Canadian Dental Association

Joint statement with Canadian Orthopedic Assoc and Association of Medical Microbiology and Infectious Disease

Patients should NOT be exposed to the adverse effects of antibiotics when there is NO EVIDENCE that such prophylaxis is of any benefit

Patients should be in optimal oral health prior to joint replacement

Journal of Arthroplasty

No significant positive association was identified between IDPs (Invasive Dental Procedure) and LPJI (Latent Prosthetic Joint Infection).

These results should reassure orthopedic surgeons and their patients that dental care of patients who have prosthetic joints should focus on maintaining good oral hygiene rather than on recommending AP (Antibiotic Prophylaxis) for IDPs. Moreover, it should also reassure those in other countries where AP is not recommended that such guidance is sufficient.

The Risk

You may wonder, what’s the big deal?? Why not just take an antibiotic to feel ‘safe’??

Antibiotic risks:

Overuse of antibiotics increases the likelihood of resistant organisms

35,000 deaths/yr due to antibiotic resistance

increased risk for C. difficile infection which is known to cause about 29,000 deaths/year

Unfortunately, the belief that dental procedures somehow increase the risk of joint infection is unfounded and has likely instilled an unnecessary level of fear about dental cleanings. A 2016 study, amongst others, has demonstrated the opposite is actually the case, frequent and regular dental scaling is associated with a reduced risk of prosthetic joint infections in total knee replacement patients.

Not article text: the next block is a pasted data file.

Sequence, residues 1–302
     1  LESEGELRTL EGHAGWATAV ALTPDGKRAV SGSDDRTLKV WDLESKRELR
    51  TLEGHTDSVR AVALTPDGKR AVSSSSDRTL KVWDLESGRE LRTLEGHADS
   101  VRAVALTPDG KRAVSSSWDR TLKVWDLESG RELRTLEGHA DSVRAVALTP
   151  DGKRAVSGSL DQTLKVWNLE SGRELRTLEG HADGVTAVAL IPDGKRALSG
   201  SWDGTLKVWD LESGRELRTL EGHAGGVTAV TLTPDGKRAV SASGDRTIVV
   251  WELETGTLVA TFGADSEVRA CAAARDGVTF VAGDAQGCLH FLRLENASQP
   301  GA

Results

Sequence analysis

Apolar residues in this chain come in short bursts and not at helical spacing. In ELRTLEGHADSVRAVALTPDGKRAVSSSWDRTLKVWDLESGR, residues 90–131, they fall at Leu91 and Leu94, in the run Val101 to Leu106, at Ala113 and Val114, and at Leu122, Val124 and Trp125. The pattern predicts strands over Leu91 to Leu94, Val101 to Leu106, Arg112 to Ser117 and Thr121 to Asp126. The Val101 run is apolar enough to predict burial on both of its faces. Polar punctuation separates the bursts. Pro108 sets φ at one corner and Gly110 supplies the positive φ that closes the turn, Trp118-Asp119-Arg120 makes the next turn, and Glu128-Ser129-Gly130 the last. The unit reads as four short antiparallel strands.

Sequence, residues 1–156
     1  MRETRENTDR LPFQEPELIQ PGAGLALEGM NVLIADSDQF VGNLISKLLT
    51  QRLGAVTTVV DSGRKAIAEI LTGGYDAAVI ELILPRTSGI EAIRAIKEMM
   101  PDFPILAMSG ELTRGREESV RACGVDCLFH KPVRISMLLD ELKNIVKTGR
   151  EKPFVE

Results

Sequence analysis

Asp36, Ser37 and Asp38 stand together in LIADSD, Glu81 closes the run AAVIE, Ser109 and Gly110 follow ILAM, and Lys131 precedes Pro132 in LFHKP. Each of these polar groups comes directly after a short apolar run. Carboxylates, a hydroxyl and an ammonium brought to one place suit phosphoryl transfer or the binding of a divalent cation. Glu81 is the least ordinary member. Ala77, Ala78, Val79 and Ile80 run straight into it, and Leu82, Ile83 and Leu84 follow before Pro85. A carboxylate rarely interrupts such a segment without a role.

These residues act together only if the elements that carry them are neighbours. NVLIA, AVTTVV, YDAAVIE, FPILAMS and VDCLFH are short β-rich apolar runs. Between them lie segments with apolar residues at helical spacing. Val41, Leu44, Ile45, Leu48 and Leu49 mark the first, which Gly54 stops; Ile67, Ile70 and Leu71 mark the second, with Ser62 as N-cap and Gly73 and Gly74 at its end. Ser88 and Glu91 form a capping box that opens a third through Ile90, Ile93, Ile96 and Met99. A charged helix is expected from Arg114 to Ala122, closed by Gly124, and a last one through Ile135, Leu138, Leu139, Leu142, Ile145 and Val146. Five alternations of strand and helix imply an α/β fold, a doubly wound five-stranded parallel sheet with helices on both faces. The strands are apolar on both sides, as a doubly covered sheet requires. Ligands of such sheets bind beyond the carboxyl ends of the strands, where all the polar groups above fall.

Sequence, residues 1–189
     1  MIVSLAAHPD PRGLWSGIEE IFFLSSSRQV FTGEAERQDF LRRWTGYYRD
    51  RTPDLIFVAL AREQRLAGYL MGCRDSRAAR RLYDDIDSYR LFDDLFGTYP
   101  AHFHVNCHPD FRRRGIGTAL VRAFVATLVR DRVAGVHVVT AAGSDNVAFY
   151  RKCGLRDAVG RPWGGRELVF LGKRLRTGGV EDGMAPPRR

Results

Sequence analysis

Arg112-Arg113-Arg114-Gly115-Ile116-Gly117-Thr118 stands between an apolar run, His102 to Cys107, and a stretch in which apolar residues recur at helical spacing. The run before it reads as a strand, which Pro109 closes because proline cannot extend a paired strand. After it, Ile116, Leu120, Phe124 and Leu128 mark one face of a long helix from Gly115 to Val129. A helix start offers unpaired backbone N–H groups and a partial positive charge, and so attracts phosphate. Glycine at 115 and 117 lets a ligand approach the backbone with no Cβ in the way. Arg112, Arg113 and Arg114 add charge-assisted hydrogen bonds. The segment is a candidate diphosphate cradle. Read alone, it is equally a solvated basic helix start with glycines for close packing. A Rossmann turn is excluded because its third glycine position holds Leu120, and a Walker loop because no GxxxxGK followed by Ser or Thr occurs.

If you are a patient with a prosthetic joint and your provider insists that you take an antibiotic prior to dental procedure, I would urge you to ask why he or she is making a recommendation that goes against all available evidence. There are certain to be cases of increased risk that deserve to be discussed with both the patient and the dental provider. I would encourage you to ask for this evidence and ultimately make the best risk assessment for you personally.

It is a great honor to be entrusted with your dental care. If you have questions regarding these clinical practice guidelines, I am more than happy to discuss at your next dental appointment.